Therefore, it is highly unlikely the wine Jesus used in establishing the Lord’s Supper, a ritual drawn from the Passover, would have been fermented in nature. As Freeman correctly noted:

    “Nowhere in the account of the Lord’s Supper is wine found. ‘He took the cup’ (Matt. 26:27) refers to the cup just used during the Passover where no ferment was allowed, not even in the house where the supper was prepared (Ex. 12:15). When Jesus spoke of the content of the cup, he called it the fruit of the vine (Matt. 26:29). Mark gives the same report of the occasion (Mark 14:22-25), and Luke’s version is quite similar (Luke 22:14-20). One is backed by good witnesses when he declares that in instituting the Memorial Supper the Lord did not use intoxicating wine; he used the natural ‘blood of the grape’ for it is to symbolize for future ages the blood he shed as Pascal Lamb (John 1:29, 36).” [5]

Admittedly, some find these assertions absurd – a remnant of the alleged backward Prohibition era. Today, one has to be some kind of Bubba, some kind of uneducated nut, to hold any view outside of the belief that every time the Bible speaks of wine, it’s always a fermented wine. But it is a fact that in Bible times, the word wine was used generically to describe both intoxicating (Proverbs 20:1) and non-intoxicating (Proverbs 3:10; Isaiah 16:10; 65:8) beverages. The context of the Scripture helps one understand how the word is being used, just as surely if someone today would use the word, “drink.” The context would determine what kind of drink was being suggested, alcohol or soda pop.

Neither is this point of view unintellectual. Peter Lumpkins in his book, “Alcohol Today: Abstinence In An Age of Indulgence” rightly surmises that in earlier years, abstinence from alcohol was the position of university presidents, seminary professors, medical professionals, linguists, Classic scholars, and New Testament and Old Testament theologians and scholars alike argued tirelessly in professional journals, books, pamphlets, and speeches not only the personal virtue of abstaining from intoxicating beverages but also the public vice of manufacturing, distributing, selling, and consuming alcoholic beverages for social and recreational purposes…to suggest that abstinence from recreational use of alcoholic intoxicants lacked scholarly support from the academic community…would seem to be blatant ignorance to the historical record or blind captivity to a desired lifestyle.” [6]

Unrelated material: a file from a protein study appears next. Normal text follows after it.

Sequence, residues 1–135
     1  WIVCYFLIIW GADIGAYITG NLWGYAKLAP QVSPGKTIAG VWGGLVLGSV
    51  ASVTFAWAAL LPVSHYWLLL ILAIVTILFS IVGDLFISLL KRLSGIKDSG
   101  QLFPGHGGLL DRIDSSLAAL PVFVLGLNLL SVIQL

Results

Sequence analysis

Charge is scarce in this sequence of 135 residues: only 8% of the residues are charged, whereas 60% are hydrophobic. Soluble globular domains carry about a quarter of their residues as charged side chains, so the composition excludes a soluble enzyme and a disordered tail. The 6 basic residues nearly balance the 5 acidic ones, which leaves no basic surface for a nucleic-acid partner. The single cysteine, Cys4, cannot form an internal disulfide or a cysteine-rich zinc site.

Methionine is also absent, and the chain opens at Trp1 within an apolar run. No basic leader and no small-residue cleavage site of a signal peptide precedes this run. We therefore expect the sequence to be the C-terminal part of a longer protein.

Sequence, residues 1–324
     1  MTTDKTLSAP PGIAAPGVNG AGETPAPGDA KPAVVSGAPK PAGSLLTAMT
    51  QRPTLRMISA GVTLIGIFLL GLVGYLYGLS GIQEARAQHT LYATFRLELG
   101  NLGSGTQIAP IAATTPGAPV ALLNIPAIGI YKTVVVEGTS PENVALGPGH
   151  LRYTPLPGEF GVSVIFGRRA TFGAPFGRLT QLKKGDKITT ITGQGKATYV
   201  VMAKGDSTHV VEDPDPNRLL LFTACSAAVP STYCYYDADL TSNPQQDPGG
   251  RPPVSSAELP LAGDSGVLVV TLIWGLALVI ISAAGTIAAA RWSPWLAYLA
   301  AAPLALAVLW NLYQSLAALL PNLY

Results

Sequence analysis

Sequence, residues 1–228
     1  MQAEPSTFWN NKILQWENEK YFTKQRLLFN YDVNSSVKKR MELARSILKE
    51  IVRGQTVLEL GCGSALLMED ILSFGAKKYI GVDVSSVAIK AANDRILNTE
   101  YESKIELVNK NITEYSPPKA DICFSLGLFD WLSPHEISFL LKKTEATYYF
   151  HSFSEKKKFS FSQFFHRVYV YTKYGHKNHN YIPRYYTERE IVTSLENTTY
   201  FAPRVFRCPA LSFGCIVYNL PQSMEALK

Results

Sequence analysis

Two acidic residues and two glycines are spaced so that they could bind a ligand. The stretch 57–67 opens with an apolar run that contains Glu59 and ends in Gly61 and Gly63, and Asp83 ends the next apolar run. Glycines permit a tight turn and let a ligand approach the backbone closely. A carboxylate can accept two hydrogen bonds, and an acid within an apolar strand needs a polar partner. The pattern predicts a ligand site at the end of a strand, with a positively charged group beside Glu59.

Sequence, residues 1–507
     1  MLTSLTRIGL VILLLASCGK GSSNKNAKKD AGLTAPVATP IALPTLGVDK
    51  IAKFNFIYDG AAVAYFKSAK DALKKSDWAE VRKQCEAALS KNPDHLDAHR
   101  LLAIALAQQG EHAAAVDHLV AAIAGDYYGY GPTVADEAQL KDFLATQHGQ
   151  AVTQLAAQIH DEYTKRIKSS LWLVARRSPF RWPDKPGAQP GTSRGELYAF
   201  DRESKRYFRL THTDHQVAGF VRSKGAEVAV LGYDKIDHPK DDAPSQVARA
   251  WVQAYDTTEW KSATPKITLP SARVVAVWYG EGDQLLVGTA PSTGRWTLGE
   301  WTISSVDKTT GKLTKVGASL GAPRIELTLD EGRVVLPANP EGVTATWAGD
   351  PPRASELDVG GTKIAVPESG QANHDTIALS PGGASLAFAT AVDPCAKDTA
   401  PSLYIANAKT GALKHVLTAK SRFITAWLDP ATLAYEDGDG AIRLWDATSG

“Yes, but wait a minute,” someone says. “Aren’t you willing to admit that the wine used by the Corinthian church had to be an intoxicant? Didn’t Paul say that partaking of the Lord’s Supper among them had turned into gluttony and drunkenness?”

Yes, the point is well-taken. Nevertheless, as the late evangelist, Dr. Jack Van Impe fittingly wrote in his book, “Alcohol: The Beloved Enemy,” the Corinthian’s practice “had developed apart from apostolic instruction. In celebrating Communion, they had moved from the ‘fruit of the vine’ to intoxicating wine. There is no evidence that this is true in any of the other local churches spoken of in the New Testament. In Paul’s instruction concerning the Communion service, given to correct the errors at Corinth, he avoids the use of the word ‘wine.’” [7]

Indeed, Paul does avoid the word for wine, referring only to the “cup” (I Cor. 11:23-26), which is very significant.

Many people may be completely unaware of the history of Welch’s Grape Juice.